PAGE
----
Thursday, February 23, 2012

The Race to become Chief Judge

This isn't really a political post, in the sense that I have any important points to make. It's more of a weird Athena-like idea that popped into my head and pounded against my skull until I allowed it to break free. Think of it as "likening the scriptures unto us" upside-down. It started with a bit too much Politico and a few bad puns. The result was this:

Nephite Times

5 Things We Learned from the Last Republicite Debate

1. Romni is still the frontrunner
His opponents’ accusations of stiffneckedness and vanity failed to hit home this time, with Romni maintaining a tight focus on reestablishing commerce throughout all the land and on helping every man to labor with his own hands. He even went after Santoriantum on religion, arguing that the cause of the Christians was best served by any candidate holding the traditions of the fathers regardless of his manner of worship. Nevertheless his costly apparel and great wealth make it hard for him to relate to the poor, which may hurt in the general Chief Judge election.

2. Santoriantum is having trouble capitalizing
Despite Romni’s solid performance he still struggles to gain traction in the lands southward. Santoriantum should be able to leverage this by calling attention to his own righteousness, but has has trouble raising even an ezrom for each onti the Romn campaign spends. He has also been forced to respond to Democrite accusations that he would violate the law and compel men to believe in Christ, which has scared away some moderates.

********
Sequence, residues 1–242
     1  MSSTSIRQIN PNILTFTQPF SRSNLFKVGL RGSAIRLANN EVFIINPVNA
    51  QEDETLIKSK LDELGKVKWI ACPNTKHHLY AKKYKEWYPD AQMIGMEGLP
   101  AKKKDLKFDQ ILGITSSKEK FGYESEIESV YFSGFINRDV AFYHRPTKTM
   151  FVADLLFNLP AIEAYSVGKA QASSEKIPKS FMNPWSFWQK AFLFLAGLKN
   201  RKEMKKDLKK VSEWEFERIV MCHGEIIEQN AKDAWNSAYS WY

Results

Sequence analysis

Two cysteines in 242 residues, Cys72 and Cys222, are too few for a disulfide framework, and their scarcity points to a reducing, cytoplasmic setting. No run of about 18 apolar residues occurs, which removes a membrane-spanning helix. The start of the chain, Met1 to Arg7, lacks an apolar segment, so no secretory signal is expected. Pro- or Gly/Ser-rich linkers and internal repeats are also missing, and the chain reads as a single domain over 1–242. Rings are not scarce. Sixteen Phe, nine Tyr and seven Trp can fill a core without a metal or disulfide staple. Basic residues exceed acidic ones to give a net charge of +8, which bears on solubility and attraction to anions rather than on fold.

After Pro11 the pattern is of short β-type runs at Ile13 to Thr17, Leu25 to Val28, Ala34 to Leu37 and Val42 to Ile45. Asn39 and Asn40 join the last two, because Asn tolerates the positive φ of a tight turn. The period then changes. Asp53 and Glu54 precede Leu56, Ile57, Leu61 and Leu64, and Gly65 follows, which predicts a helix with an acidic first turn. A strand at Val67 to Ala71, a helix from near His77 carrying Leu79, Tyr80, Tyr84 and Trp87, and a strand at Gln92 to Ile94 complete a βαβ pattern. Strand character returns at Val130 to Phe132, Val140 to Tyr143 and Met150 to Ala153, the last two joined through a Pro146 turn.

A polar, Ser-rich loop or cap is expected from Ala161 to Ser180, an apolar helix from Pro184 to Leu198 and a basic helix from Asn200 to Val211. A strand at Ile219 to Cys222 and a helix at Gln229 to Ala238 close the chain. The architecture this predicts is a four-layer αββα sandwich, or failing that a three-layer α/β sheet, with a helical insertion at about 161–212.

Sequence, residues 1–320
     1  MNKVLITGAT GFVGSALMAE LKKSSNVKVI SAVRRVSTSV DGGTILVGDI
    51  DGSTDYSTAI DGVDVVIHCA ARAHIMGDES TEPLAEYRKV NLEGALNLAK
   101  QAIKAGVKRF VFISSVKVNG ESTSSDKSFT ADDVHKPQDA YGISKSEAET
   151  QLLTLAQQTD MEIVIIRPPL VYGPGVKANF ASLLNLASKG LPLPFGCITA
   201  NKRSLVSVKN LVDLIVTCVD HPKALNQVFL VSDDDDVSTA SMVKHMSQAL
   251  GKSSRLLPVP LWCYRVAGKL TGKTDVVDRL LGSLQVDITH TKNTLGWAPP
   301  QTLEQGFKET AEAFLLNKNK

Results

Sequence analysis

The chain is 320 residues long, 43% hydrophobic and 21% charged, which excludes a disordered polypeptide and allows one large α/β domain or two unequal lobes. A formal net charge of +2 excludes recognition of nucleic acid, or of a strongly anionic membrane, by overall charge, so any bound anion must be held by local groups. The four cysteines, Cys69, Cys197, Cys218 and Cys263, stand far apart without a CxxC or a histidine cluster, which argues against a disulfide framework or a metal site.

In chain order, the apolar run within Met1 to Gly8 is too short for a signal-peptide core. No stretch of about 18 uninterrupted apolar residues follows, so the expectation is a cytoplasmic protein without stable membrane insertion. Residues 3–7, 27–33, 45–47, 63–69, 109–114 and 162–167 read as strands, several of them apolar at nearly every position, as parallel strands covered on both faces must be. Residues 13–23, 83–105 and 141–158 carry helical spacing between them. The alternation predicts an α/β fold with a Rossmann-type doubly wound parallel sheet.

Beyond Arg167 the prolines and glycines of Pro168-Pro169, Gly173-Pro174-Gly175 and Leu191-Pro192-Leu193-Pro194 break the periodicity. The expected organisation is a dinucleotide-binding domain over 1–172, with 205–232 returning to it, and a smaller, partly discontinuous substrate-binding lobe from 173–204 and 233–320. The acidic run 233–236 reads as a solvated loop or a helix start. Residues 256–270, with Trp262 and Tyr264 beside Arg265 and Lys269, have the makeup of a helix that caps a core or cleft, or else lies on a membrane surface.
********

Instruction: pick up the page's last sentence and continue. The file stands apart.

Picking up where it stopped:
3. Ginghidoni is fading
Social conservatives continue to criticize his past whoredoms and abominations, though he insists his repentance is sincere. Santoriantum has emerged as the clear “anti-Romni” candidate in his place, and conservatives aren't buying that Ginghidoni is the true heir to Reageum as he claims. Despite his early success, it seems he ran faster than he had strength. He may still prove to be a thorn in Santoriantum’s side as he leads some anti-Romni voters carefully away after him.

4. Paulhorun is in it to the end
Though he stands little chance of winning, his platform that most taxes are too grievous to bear and that lesser judges, not chief judges, should decree laws, has resonated with a dedicated core of supporters. Peaceniks flock to him when he says that Republicites and Democrites have fomented war throughout all the land, though some are unsure of his claims that Lamanite aggression originates with Nephite wickedness and not the traditions of their fathers, which are not correct. Santoriantum and Romni have harshly accused Paulhorun - and Obamanihah - of “apologizing” for being Nephites and for refusing to take up arms in defense of liberty.

5. Obamanihah may be difficult to beat
If Romni wins his nomination, the conservative base, which has accused the Chief Judge of being a king-man and a follower of Nehor, may have trouble getting excited about a candidate who once proudly claimed to work with Democrites. Democrites will paint any Republicite, especially Romni, as a lover of filthy lucre who trods the poor underfoot. Republicites, however, will continue to charge Obamanihah with sitting on his throne in a thoughtless stupor amidst ongoing wars and tribulations, and Obamanihah’s continuation of many Abush-era policies might depress Democrite turnout.